CAPE CANAVERAL AIR FORCE STATION, Fla. (NASA PR) — NASA led a joint emergency escape and triage simulation with Boeing and United Launch Alliance (ULA) on July 24 at Space Launch Complex 41 on Cape Canaveral Air Force Station (CCAFS) in Florida in preparation for upcoming crew flights to the International Space Station. The exercise ranged from astronauts and support teams quickly escaping the launch pad to emergency personnel practicing rescue and life support procedures focused on the safety of the launch site teams.

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SpaceX’s Falcon 9 Launches AMOS-17, Ship Catches Half of Payload Fairing

A SpaceX Falcon 9 booster launched Spacecom’s AMOS-17 communications satellite from Cape Canaveral in Florida on Tuesday. The company’s Ms. Tree vessel caught half of the rocket’s payload fairing in a net as it descended under a parachute.

It was the second recovery of a fairing half by the net-equipped ship. A full fairing costs about $6 millions to manufacture.

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SpaceX Set to Launch Communications Satellite Tonight from Cape Canaveral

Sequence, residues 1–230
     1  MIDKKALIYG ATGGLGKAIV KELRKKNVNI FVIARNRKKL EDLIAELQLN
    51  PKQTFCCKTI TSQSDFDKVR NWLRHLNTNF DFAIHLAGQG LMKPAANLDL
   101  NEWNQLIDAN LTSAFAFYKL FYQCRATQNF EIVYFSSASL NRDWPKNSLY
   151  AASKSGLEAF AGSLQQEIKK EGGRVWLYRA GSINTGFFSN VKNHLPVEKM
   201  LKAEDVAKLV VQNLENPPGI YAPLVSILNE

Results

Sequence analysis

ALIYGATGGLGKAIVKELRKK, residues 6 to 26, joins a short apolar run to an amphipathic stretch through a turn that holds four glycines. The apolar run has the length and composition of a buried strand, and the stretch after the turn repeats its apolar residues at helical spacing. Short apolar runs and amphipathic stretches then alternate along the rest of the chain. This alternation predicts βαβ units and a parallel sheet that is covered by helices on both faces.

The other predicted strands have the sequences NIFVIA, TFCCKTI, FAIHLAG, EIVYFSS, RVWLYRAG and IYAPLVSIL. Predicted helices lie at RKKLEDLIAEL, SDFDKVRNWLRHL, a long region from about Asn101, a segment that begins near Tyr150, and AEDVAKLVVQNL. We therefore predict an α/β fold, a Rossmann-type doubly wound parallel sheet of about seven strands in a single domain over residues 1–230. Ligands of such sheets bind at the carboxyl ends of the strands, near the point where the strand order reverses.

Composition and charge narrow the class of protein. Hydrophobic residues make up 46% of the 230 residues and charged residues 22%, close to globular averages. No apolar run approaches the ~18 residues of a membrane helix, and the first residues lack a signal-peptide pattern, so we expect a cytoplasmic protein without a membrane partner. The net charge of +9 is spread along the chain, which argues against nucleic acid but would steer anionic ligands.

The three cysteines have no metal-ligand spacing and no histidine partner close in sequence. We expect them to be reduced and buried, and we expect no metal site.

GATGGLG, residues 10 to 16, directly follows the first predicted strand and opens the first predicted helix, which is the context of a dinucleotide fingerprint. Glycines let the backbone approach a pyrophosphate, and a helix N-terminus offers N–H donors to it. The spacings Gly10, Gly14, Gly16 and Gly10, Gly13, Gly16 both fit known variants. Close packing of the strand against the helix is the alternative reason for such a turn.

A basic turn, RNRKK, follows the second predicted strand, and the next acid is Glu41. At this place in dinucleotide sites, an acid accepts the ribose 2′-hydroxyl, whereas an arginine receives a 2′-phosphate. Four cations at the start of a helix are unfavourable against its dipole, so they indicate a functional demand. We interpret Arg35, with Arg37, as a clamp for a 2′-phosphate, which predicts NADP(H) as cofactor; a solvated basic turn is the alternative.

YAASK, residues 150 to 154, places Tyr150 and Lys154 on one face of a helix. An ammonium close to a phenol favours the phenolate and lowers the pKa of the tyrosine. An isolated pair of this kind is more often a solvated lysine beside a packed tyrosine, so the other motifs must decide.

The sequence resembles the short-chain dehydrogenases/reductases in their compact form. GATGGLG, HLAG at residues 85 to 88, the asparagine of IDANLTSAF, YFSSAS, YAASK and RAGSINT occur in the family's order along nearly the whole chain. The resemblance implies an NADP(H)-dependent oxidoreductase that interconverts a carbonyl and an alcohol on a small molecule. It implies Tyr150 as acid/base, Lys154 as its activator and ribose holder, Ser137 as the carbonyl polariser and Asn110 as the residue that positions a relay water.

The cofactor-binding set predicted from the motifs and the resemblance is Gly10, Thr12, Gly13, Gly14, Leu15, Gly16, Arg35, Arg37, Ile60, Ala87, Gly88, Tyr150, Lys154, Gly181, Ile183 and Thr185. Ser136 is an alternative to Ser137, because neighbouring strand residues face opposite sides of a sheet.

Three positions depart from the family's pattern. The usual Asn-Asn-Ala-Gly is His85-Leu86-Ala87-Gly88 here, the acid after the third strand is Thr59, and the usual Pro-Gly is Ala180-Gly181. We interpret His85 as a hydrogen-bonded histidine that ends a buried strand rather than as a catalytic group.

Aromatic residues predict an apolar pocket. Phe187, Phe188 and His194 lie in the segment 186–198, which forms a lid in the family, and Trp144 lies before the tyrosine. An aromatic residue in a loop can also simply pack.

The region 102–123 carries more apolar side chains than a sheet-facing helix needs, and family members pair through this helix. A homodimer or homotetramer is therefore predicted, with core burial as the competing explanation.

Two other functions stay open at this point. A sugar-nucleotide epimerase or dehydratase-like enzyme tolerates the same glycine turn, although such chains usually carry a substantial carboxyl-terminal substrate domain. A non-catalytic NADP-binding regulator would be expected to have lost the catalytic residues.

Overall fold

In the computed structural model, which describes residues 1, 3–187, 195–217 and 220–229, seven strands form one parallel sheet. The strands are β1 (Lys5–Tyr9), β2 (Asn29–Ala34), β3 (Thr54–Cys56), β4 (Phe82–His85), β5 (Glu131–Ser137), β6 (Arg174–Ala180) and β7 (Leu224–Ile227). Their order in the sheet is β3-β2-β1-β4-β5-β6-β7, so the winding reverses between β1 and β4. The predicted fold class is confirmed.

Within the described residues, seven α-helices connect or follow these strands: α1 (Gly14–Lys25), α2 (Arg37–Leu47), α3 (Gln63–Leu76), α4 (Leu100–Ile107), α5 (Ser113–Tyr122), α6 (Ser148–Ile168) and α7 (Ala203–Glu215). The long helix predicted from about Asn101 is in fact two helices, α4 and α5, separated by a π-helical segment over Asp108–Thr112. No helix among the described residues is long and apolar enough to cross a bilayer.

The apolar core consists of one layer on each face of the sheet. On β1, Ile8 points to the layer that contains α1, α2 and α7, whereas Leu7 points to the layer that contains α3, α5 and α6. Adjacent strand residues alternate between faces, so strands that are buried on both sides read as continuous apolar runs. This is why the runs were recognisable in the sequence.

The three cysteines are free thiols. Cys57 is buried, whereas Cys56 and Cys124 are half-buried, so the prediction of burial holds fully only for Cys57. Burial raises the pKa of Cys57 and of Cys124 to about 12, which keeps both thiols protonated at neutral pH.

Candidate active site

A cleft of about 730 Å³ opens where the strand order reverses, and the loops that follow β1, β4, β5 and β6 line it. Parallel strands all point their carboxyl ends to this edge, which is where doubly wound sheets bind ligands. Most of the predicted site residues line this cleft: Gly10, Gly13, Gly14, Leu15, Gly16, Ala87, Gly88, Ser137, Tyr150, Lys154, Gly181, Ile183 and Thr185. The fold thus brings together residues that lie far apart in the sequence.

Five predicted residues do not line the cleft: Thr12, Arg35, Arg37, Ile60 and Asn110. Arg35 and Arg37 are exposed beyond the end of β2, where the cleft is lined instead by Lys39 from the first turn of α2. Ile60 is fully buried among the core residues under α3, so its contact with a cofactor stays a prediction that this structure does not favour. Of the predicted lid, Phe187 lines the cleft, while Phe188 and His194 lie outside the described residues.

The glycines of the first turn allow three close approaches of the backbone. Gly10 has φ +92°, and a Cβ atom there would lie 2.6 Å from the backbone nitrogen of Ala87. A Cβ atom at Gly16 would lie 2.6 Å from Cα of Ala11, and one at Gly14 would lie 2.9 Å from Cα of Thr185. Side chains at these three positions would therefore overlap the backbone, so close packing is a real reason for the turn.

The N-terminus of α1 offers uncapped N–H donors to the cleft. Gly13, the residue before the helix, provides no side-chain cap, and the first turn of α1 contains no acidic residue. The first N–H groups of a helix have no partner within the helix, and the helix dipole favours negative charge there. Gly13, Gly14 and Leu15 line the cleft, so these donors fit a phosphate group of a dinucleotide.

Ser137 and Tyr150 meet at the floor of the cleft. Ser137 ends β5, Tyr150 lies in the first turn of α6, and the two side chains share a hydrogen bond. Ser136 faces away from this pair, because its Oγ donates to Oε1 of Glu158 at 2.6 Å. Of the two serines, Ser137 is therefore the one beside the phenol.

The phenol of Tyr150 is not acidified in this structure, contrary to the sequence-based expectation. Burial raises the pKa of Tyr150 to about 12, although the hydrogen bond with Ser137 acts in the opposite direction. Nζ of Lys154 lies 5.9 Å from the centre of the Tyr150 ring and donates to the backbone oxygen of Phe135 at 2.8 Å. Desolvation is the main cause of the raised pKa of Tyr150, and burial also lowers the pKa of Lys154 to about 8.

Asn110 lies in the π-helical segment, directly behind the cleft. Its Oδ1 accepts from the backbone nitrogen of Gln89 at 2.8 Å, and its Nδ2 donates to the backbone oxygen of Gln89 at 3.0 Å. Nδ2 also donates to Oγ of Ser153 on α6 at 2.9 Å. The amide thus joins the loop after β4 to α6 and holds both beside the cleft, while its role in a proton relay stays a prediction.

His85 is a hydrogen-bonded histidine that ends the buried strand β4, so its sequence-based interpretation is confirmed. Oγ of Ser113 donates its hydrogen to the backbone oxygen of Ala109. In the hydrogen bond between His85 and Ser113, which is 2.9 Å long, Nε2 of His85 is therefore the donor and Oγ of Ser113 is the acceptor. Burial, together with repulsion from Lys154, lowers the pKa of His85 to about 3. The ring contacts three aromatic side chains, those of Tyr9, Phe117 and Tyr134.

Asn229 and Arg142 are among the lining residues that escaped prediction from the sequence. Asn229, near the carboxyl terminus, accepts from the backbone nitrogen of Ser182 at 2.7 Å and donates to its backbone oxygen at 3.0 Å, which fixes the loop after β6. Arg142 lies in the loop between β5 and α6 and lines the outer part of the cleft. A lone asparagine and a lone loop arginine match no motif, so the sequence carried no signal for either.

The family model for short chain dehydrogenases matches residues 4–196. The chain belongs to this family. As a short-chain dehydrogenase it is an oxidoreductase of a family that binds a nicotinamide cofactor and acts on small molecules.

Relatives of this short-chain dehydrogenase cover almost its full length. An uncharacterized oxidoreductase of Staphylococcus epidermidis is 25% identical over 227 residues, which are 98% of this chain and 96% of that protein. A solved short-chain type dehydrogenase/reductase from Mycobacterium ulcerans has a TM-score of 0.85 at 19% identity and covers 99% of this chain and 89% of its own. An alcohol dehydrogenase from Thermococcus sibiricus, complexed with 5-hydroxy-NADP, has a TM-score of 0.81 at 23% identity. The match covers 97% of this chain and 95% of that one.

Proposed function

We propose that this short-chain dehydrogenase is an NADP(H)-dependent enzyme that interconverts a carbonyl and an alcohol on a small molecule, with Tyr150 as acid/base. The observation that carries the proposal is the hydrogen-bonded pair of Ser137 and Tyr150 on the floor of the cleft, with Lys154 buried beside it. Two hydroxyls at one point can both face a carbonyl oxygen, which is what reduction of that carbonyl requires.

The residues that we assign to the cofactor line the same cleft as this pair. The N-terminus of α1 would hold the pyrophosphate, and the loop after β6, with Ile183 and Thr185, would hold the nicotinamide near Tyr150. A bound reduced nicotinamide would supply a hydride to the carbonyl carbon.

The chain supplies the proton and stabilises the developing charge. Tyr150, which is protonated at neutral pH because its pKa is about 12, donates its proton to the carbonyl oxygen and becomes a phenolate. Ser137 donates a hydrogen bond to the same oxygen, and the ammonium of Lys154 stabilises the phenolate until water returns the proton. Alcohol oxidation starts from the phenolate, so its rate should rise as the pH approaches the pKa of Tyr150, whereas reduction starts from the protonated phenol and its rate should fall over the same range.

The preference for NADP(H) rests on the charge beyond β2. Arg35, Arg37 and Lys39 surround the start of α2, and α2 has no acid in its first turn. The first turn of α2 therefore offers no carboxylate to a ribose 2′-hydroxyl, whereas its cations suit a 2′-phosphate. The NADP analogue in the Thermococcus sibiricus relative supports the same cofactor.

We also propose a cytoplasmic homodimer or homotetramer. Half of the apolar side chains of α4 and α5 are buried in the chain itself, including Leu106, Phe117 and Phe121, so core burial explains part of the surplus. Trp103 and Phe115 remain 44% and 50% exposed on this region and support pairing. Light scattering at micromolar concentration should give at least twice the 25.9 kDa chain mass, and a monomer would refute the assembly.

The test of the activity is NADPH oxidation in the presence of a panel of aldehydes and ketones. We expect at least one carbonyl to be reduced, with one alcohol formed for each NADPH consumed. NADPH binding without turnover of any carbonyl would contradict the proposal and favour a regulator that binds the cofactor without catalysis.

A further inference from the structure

Falcon 9 lifts off with Iridium Next 41-50 satellites. (Credit: SpaceX webcast)

CAPE CANAVERAL AIR FORCE STATION, Fla. (SpaceX PR) — SpaceX is targeting Tuesday, August 6 for launch of AMOS-17 from Space Launch Complex 40 (SLC-40) at Cape Canaveral Air Force Station, Florida.

The launch window opens at 6:53 p.m. EDT, or 22:53 UTC, and closes at 8:21p.m. EDT, or 00:21 UTC on August 7. The satellite will be deployed approximately 31 minutes after liftoff.

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Intelsat 29e Failure Tied to External Event

An investigation has pinpointed a space weather event or a micrometeroid strike as the most likely cause of the total failure of the Intelsat 29e communications satellite in April, Spaceflightnow reports.